There are so many earth mechanisms that we do not fully understand and thus can not model. Hopefully we are taking note and learning, not just lumping it all into presumptive preconceived notions.
Quoting 200. no1der:

An Open Letter Regarding Climate Change From Concerned Members of the U.S. National Academy of Sciences

Human-caused climate change is not a belief, a hoax, or a conspiracy. It is a physical reality. Fossil fuels powered the Industrial Revolution. But the burning of oil, coal, and gas also caused most of the historical increase in atmospheric levels of heat-trapping greenhouse gases. This increase in greenhouse gases is changing Earth's climate.

Our fingerprints on the climate system are visible everywhere. They are seen in warming of the oceans, the land surface, and the lower atmosphere. They are identifiable in sea level rise, altered rainfall patterns, retreat of Arctic sea ice, ocean acidification, and many other aspects of the climate system. Human-caused climate change is not something far removed from our day-to-day experience, affecting only the remote Arctic. It is present here and now, in our own country, in our own states, and in our own communities.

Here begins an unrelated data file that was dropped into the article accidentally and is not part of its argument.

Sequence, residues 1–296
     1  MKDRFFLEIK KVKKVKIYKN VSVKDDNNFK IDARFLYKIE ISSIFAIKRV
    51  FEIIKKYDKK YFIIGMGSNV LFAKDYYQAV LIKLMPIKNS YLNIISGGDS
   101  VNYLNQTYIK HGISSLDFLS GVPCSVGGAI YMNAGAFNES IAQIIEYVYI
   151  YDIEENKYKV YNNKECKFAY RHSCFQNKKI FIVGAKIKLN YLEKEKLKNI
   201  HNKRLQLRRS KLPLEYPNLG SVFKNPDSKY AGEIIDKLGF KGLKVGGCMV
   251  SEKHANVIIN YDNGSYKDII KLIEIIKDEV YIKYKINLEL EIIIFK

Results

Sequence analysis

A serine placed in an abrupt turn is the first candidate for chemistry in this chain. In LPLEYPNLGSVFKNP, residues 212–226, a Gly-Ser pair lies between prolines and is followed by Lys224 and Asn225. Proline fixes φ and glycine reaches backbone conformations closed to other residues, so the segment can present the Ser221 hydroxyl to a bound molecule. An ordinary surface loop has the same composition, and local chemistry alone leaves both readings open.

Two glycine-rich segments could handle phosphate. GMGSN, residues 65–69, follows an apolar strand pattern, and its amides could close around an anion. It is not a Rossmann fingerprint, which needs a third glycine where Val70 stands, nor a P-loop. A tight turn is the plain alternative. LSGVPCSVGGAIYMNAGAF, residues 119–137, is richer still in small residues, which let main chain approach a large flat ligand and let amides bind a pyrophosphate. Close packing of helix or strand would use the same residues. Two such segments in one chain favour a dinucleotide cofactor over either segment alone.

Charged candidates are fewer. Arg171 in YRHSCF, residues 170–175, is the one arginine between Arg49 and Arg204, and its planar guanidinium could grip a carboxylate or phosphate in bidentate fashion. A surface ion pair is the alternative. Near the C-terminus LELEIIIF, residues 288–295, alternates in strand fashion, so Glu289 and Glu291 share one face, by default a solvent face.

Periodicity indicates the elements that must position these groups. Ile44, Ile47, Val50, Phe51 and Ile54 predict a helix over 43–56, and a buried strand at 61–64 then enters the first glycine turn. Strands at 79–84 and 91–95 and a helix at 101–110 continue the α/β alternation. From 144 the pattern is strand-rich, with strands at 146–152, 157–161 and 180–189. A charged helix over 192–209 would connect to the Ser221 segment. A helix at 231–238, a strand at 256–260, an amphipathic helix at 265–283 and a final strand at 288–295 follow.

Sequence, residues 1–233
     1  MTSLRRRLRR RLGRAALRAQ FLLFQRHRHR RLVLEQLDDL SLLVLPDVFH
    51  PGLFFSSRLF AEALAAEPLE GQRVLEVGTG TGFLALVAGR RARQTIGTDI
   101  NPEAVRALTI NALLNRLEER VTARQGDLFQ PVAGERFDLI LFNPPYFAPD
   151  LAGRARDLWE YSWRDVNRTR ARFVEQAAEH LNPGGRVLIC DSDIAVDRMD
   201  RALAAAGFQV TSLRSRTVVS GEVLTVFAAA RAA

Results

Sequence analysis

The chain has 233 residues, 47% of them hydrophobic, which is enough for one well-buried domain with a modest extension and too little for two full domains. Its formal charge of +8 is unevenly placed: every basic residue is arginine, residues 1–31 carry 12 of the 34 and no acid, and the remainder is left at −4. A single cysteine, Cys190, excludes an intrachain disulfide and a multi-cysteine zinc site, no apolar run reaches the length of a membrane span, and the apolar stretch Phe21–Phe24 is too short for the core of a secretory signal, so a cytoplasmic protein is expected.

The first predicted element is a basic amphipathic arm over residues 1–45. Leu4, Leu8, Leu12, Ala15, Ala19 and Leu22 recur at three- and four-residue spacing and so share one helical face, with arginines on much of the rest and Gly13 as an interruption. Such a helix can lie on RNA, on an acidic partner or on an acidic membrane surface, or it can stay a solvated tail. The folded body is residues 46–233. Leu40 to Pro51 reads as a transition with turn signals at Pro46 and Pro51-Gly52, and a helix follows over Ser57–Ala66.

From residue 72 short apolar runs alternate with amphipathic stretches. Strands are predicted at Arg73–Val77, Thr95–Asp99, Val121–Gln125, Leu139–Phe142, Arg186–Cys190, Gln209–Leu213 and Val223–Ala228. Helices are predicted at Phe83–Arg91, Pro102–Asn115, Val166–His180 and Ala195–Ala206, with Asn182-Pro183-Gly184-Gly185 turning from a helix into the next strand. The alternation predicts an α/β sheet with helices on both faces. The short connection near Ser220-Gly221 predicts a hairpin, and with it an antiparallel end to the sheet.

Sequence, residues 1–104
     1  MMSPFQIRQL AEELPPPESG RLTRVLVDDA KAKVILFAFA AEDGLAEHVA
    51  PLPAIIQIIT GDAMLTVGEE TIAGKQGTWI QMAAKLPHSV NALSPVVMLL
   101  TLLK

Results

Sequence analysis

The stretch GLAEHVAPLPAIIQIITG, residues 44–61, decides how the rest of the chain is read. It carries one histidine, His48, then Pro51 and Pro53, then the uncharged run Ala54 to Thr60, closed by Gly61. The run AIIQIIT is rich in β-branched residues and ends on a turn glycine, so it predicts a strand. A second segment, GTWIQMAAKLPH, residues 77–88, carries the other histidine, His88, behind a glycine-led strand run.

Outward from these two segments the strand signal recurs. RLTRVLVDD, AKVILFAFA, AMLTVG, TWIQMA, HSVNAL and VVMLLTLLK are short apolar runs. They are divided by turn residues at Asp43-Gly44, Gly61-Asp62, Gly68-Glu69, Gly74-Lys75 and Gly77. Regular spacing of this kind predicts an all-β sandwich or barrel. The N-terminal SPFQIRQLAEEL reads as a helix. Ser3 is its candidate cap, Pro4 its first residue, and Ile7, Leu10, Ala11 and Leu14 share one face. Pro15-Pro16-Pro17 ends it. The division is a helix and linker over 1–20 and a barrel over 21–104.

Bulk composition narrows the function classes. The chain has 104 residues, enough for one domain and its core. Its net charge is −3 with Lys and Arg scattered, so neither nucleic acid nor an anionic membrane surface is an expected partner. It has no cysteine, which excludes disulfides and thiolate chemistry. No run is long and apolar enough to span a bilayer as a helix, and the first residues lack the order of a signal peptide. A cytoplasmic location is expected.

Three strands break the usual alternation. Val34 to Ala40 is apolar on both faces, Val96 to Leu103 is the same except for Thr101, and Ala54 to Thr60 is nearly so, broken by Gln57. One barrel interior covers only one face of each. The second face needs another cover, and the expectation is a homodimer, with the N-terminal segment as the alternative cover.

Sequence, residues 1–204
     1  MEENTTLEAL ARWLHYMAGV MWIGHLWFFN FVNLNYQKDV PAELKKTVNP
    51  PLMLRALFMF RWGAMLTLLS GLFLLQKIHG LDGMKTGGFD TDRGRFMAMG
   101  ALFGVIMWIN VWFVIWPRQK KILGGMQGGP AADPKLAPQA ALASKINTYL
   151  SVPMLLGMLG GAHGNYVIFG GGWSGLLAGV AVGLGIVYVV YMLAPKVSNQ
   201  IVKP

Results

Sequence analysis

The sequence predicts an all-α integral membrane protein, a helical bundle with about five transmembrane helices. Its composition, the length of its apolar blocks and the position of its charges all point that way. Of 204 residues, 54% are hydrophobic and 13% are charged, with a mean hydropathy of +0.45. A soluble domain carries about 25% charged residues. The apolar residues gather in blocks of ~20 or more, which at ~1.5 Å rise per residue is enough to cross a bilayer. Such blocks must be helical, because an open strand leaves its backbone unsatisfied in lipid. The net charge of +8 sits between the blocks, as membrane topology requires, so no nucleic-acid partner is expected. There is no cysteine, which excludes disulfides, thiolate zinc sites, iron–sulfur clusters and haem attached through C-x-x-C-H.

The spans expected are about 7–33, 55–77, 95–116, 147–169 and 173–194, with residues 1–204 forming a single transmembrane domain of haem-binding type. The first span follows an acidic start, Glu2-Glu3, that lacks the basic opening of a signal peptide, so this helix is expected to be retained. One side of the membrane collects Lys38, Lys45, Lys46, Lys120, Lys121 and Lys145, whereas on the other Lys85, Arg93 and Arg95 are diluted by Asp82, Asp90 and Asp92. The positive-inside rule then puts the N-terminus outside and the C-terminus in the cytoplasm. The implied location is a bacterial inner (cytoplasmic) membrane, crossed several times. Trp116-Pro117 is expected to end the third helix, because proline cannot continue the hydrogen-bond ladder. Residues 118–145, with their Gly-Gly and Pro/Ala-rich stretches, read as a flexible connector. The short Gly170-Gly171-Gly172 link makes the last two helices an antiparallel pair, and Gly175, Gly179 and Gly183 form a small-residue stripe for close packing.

During the Presidential primary campaign, claims were made that the Earth is not warming, or that warming is due to purely natural causes outside of human control. Such claims are inconsistent with reality.

Others argued that no action is warranted until we have absolute certainty about human impacts on climate. Absolute certainty is unattainable. We are certain beyond a reasonable doubt, however, that the problem of human-caused climate change is real, serious, and immediate, and that this problem poses significant risks: to our ability to thrive and build a better future, to national security, to human health and food production, and to the interconnected web of living systems.